Ted R. Vaughan Memorial
The University of Missouri Department of Sociology and a few of his students are organizing a memorial for the life of Prof. Ted R. Vaughan, 2-4:30 pm on Saturday, April 28, 2018 in Columbia, MO. At Palmer Room 100a located in the Donald W. Reynolds Journalism Institute on S 9th st. After the memorial, we hope people will go to The Olde Heidelberg, Ted's 'REAL' classroom, and continue the celebration of his life. Click through to read some of the remarks presented at the memorial.
Enclosed, please find copies of my comments on Ted, Stephen Turner’s comments, and remarks from two of Ted’s students from his years at Ohio State--Tim Dempsey and Andy Fanta. Dempsey is a social activist and community organizer and Fanta is a sociologist-attorney who champions poor people.
Again, I want to thank you for inviting me to Columbia! It was a real pleasure to meet you.
Remembering Ted R. Vaughan
Larry T. Reynolds
Comments, Memorial celebrating Ted R. Vaughan, Columbia, Missouri, April 28, 2018
"If we are among the very fortunate, sometime in life we are inspired and gently guided by a person of extraordinary insight, character, competence, and kindness." (Gary Marx, 2018).
Ted R. Vaughan was such a person, and because he was, we -you and I -can certainly number ourselves among the very fortunate. Five and one-half decades ago, when I was but a callow youth of twenty-five, I first met Professor Vaughan. In four months I will be eighty. Hence, literally speaking, I knew him for the better part of my life. Figuratively speaking, knowing him has undoubtedly been a better part of that same life.
In the early 1960s, Janice Reynolds and I, with seventeen-month and six-day old daughters in tow, left Michigan to begin graduate studies at Ohio State University. With respect to theory, we first came under the influence of Roger Krohn, a bright student of Don Martindale's. He soon left for McGill University, and he arranged fellowships for us to follow him to Canada. We chose instead to remain at Ohio State and study theory with Ted. As budding sociologists, we made the best decision! Janice is not able to attend today's doings, but I feel safe in noting that, partially because of Ted's influence, she has had a fine career as sociologist, researcher, teacher, graduate school dean (Central Michigan University) and Provost (University of Alaska). Ted inspired self-confidence in us and in most of his students.
Ted, as most of you know, was the consummate instructor. The first component of sound pedagogy is an active mastery of one's subject matter. He had that in spades and so very much more. Both literally and figuratively, he knew what he was talking about. Students actually understood him. He clarified the complex without simultaneously rendering it simple-minded. As far as most of us at Ohio State were concerned, his attempt to inspire, stimulate, direct, and encourage all who sought to build up their competency as sociologists was unsurpassed. He was my best teacher, and because he was, I have sent students of mine to the University of Missouri to study with him. I am pleased to see one of the very best of them, Dr. Terry Haru, here today!
Ted and I began a period of co-authorship in the mid-1960s. It lasted through the publication of A Critique of Contemporary American Sociology in the mid-1990s. While Gideon Sjoberg and I collaborated with him, this was from start to finish Ted's book. His articles, even some of his earliest efforts, are still cited today (McGinty 2017). As an aside, I should note that the just-cited Patrick McGinty would be here today were it not for his being in Ft. Collins, Colorado, where a memorial celebration of the life of Ted's colleague Peter Hall is just now taking place.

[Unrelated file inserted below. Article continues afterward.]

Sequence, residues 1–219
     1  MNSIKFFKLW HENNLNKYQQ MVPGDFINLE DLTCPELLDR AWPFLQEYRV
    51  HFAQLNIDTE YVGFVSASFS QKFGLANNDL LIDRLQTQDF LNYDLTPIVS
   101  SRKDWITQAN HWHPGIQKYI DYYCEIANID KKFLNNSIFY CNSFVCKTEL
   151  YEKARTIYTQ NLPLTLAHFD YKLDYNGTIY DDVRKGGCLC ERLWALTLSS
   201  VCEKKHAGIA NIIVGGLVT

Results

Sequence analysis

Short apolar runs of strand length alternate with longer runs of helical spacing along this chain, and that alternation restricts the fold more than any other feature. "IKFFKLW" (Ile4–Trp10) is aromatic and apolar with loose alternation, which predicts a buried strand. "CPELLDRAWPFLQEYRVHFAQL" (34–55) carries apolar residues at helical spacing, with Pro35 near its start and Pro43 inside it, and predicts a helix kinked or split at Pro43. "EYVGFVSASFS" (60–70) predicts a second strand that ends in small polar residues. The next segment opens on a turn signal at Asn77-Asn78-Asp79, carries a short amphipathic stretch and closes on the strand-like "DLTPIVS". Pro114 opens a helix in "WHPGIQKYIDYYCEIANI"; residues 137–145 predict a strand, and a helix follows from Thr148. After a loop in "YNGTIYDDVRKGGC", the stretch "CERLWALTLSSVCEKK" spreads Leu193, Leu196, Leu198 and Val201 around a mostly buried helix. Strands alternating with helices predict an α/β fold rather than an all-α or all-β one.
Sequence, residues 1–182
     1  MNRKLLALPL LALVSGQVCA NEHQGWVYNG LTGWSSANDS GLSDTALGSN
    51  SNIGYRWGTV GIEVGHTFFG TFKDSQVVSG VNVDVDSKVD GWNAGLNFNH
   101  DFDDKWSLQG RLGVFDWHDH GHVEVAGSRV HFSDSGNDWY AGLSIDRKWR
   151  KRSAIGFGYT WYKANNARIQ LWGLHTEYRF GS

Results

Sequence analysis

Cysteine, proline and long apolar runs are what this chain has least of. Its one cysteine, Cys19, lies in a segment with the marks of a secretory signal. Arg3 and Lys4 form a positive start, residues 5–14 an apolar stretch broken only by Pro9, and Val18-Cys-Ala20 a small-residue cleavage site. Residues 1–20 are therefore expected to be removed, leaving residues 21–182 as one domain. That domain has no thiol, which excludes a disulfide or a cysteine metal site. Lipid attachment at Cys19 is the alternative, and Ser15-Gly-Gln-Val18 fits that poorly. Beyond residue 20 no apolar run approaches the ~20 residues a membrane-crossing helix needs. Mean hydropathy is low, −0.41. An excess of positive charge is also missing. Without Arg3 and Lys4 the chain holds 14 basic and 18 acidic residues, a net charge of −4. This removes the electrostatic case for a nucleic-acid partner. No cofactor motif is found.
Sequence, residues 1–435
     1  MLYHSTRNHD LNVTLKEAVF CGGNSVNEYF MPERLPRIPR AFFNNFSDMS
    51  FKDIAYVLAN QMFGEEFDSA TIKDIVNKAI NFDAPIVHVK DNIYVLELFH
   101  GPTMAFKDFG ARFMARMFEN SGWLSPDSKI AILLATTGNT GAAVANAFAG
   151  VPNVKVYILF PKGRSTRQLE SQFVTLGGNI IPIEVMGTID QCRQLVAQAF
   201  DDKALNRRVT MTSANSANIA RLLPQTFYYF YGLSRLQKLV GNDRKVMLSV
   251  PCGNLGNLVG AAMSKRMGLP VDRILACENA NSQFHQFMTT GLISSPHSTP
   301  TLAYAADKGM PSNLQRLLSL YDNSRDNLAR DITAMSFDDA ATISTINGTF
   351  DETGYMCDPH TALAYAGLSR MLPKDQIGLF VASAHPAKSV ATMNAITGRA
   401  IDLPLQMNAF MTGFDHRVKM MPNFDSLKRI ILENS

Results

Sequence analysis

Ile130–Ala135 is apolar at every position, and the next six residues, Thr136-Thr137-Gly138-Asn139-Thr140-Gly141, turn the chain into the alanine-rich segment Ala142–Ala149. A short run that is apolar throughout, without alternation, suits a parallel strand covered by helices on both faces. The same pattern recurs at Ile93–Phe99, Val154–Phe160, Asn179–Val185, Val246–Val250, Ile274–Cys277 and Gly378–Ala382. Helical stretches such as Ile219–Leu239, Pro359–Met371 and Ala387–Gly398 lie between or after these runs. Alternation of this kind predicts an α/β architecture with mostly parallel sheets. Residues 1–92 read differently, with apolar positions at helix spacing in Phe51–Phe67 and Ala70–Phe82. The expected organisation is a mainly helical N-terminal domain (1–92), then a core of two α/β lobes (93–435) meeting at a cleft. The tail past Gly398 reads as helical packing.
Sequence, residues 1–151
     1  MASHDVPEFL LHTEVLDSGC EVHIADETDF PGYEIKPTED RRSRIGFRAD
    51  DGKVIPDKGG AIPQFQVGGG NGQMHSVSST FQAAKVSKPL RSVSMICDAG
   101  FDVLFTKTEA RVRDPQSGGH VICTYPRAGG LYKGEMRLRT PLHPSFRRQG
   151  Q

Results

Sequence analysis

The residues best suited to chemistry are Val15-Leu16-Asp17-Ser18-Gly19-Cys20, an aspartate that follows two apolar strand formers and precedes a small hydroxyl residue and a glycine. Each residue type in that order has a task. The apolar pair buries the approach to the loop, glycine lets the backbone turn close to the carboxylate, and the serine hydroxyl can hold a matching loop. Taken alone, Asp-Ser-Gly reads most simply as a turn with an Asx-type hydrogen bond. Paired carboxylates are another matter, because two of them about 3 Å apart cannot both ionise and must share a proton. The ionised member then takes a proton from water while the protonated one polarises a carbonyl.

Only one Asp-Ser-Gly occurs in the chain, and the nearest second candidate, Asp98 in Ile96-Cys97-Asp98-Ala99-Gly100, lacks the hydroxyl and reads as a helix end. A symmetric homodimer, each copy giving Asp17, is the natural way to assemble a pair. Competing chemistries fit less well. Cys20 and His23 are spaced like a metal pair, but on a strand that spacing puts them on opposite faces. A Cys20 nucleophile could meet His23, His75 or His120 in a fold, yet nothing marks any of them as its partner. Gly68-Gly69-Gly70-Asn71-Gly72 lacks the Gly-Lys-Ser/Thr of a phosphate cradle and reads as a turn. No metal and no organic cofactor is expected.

In the 1980s Ted, James Otis Smith (of the University of Wisconsin, Milwaukee), and I occupied three mobile homes, plus a small trailer staffed with a desk, file cabinet, and ancient computer, in Rockport, Texas. We laughingly called this setup The Rockport Institute for Social Science Research. Lots of great grub, stiff drinks, and hearty laughs were had, and some pretty fair sociology rolled out of Rockport. Four books came out of the "Institute," and Ted was deeply involved with three of them. As a bonus, we got to spend some quality time with Ted's son, Teddy, whom we now regard as a real friend.
So, Dr. Ted R. Vaughan was a very good person, a fine teacher who taught much and actually learned from his students, and, in my opinion, he was also a very great sociologist! Enough said! But let me add three things about Ted that you may not know. These things may help to enhance our understanding of our departed friend, "because unless we understand the contradictory nature of human personality in class societies, we can never portray reality" (G. Rawick, 1968).
1. He springs from a devoutly religious family. His father was a minister. I bet that piece of information caught a few of you by surprise. Ted never talked about his background. Why? Because he believed you could be a moral person without being a religious one. He knew you could take moral stands on moral issues without turning everything into some kind of religious crusade.
2. He was a person of few words. "Of few words, you say. Surely you jest!" Not at all. Over the course of half a century, if you are at all attentive, you get to know a person. I spent a lot of time with Ted; I knew him well. Outside of the sociology convention, the lecture hall, and the classroom (including the classroom across the street to which we will adjourn momentarily), he said very little. He was indeed a man of few words, and already I miss them all. Perhaps you do too.
3. I will end with a story, here somewhat altered and even more embellished, told by Richard Henry Dana and propagated by Mark Twain in 1907. It is a tale of the skipper of a sloop christened the Mary Ann that plied the coastal waters off New England. It seems that the captain of this smallish boat developed the habit of crying out to passing vessels: What ship is that where from, how long out, what do you carry, and where are you bound? Each and every reply to his queries brought with it an increase in his sense of self-importance, until one day, he glimpsed a massive ship the likes of which he had never dreamed, let alone seen. He shouted out his typical queries, and from the bow of the magnificent ocean vessel a voice rolled out like thunder: